Causes of Munchausen's syndrome 

There is little available evidence about the possible causes of Munchausen's syndrome because many people with the condition refuse to co-operate with psychiatric treatment or psychological profiling.

Based on the available research and case studies, there are several factors identified as possible causes of Munchausen's syndrome. These include:

  • emotional trauma or illness during childhood – this often resulted in extensive medical attention
  • a personality disorder – a mental health condition that causes patterns of abnormal thinking and behaviour
  • a grudge against authority figures or health professionals

Childhood trauma

Some experts have suggested many cases of Munchausen's syndrome may be the result of parental neglect and abandonment, resulting in feelings of childhood trauma.

As a result of this trauma, a person may have unresolved issues with their parents that cause them to fake illness. They may do this for a number of reasons. For example, this may be because they have:

  • a compulsion to punish themselves (masochism) by making themselves ill because they feel unworthy
  • a need to feel important and be the centre of attention
  • a need to pass responsibility for their wellbeing and care on to other people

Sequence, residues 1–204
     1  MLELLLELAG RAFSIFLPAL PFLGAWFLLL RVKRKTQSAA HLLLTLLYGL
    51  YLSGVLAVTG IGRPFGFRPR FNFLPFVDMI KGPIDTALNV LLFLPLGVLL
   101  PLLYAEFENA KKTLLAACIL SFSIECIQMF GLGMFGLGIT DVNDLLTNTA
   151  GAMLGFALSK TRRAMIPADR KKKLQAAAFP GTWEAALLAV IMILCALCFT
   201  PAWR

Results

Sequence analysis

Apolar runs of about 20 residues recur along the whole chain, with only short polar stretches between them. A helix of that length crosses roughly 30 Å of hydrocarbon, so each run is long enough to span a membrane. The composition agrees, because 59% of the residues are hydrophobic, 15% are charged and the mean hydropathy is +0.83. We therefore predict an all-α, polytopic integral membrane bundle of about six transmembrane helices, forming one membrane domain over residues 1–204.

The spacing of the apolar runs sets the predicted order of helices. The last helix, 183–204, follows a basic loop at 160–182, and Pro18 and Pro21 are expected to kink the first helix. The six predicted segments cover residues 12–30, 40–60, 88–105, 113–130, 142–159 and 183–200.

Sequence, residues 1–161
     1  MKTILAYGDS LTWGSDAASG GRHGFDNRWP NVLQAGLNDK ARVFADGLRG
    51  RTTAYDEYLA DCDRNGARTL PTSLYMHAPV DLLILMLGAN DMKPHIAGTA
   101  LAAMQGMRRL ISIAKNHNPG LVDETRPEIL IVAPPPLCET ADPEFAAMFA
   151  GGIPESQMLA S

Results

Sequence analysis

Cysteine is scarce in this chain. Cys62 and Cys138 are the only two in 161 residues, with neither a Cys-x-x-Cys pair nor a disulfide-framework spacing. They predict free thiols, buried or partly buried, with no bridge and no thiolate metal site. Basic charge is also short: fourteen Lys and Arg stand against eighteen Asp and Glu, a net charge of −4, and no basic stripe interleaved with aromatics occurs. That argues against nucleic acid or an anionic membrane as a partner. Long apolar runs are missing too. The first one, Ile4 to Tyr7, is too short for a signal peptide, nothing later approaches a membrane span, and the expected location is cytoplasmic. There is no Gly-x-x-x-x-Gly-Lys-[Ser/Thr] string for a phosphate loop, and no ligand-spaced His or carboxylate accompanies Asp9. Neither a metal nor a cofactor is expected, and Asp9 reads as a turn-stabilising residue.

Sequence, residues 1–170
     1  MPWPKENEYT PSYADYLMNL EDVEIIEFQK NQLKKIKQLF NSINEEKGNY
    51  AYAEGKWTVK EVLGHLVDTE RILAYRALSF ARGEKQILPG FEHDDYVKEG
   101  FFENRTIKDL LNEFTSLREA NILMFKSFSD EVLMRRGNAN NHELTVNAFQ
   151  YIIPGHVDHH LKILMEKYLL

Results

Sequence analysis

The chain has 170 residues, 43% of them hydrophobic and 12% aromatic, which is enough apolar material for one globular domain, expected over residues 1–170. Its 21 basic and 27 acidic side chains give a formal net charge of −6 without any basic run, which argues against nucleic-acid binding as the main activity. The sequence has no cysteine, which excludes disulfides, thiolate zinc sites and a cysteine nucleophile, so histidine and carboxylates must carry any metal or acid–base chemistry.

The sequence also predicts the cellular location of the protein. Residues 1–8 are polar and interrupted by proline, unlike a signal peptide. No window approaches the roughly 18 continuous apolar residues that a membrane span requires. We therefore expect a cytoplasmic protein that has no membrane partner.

There is also some evidence to suggest people who have had extensive medical procedures, or received prolonged medical attention during childhood or adolescence, are more likely to develop Munchausen's syndrome when they are older.

This may be because they associate their childhood memories with a sense of being cared for. As they get older, they try to obtain the same feelings of reassurance by pretending to be ill.

Personality disorders

There is some evidence many people with Munchausen's syndrome have a personality disorder.

Personality disorders are a type of mental health condition where an individual has a distorted pattern of thoughts and beliefs about themselves and others. This leads them to behave in ways most people would regard as disturbed and abnormal.

Some examples of the different personality disorders thought to be linked with Munchausen's syndrome include:

It could be that the person has an unstable sense of their own identity and also has difficulties establishing meaningful relationships with others.

Playing the "sick role" allows them to adopt an identity that brings unconditional support and acceptance from others with it. Admission to hospital also gives that person a clearly defined place in a social network.

Page last reviewed: 03/07/2014

Next review due: 03/07/2016